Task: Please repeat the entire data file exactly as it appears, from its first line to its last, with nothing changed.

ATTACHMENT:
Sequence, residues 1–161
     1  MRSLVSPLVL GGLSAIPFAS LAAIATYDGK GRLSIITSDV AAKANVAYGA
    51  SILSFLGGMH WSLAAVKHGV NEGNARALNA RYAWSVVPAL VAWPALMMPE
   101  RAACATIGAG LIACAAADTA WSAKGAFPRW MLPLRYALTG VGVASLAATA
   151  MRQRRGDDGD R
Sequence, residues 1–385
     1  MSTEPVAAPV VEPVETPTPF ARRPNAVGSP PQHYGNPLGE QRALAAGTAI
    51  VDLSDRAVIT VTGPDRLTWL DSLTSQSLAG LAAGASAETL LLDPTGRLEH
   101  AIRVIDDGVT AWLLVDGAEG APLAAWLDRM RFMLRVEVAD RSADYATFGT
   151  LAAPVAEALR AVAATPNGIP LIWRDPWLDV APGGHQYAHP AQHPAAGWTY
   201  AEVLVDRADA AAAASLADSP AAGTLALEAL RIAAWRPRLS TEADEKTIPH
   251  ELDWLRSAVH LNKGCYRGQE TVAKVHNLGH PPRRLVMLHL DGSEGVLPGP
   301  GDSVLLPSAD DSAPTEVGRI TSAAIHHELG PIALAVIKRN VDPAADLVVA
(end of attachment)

Sequence, residues 1–161
     1  MRSLVSPLVL GGLSAIPFAS LAAIATYDGK GRLSIITSDV AAKANVAYGA
    51  SILSFLGGMH WSLAAVKHGV NEGNARALNA RYAWSVVPAL VAWPALMMPE
   101  RAACATIGAG LIACAAADTA WSAKGAFPRW MLPLRYALTG VGVASLAATA
   151  MRQRRGDDGD R
Sequence, residues 1–385
     1  MSTEPVAAPV VEPVETPTPF ARRPNAVGSP PQHYGNPLGE QRALAAGTAI
    51  VDLSDRAVIT VTGPDRLTWL DSLTSQSLAG LAAGASAETL LLDPTGRLEH
   101  AIRVIDDGVT AWLLVDGAEG APLAAWLDRM RFMLRVEVAD RSADYATFGT
   151  LAAPVAEALR AVAATPNGIP LIWRDPWLDV APGGHQYAHP AQHPAAGWTY
   201  AEVLVDRADA AAAASLADSP AAGTLALEAL RIAAWRPRLS TEADEKTIPH
   251  ELDWLRSAVH LNKGCYRGQE TVAKVHNLGH PPRRLVMLHL DGSEGVLPGP
   301  GDSVLLPSAD DSAPTEVGRI TSAAIHHELG PIALAVIKRN VDPAADLVVA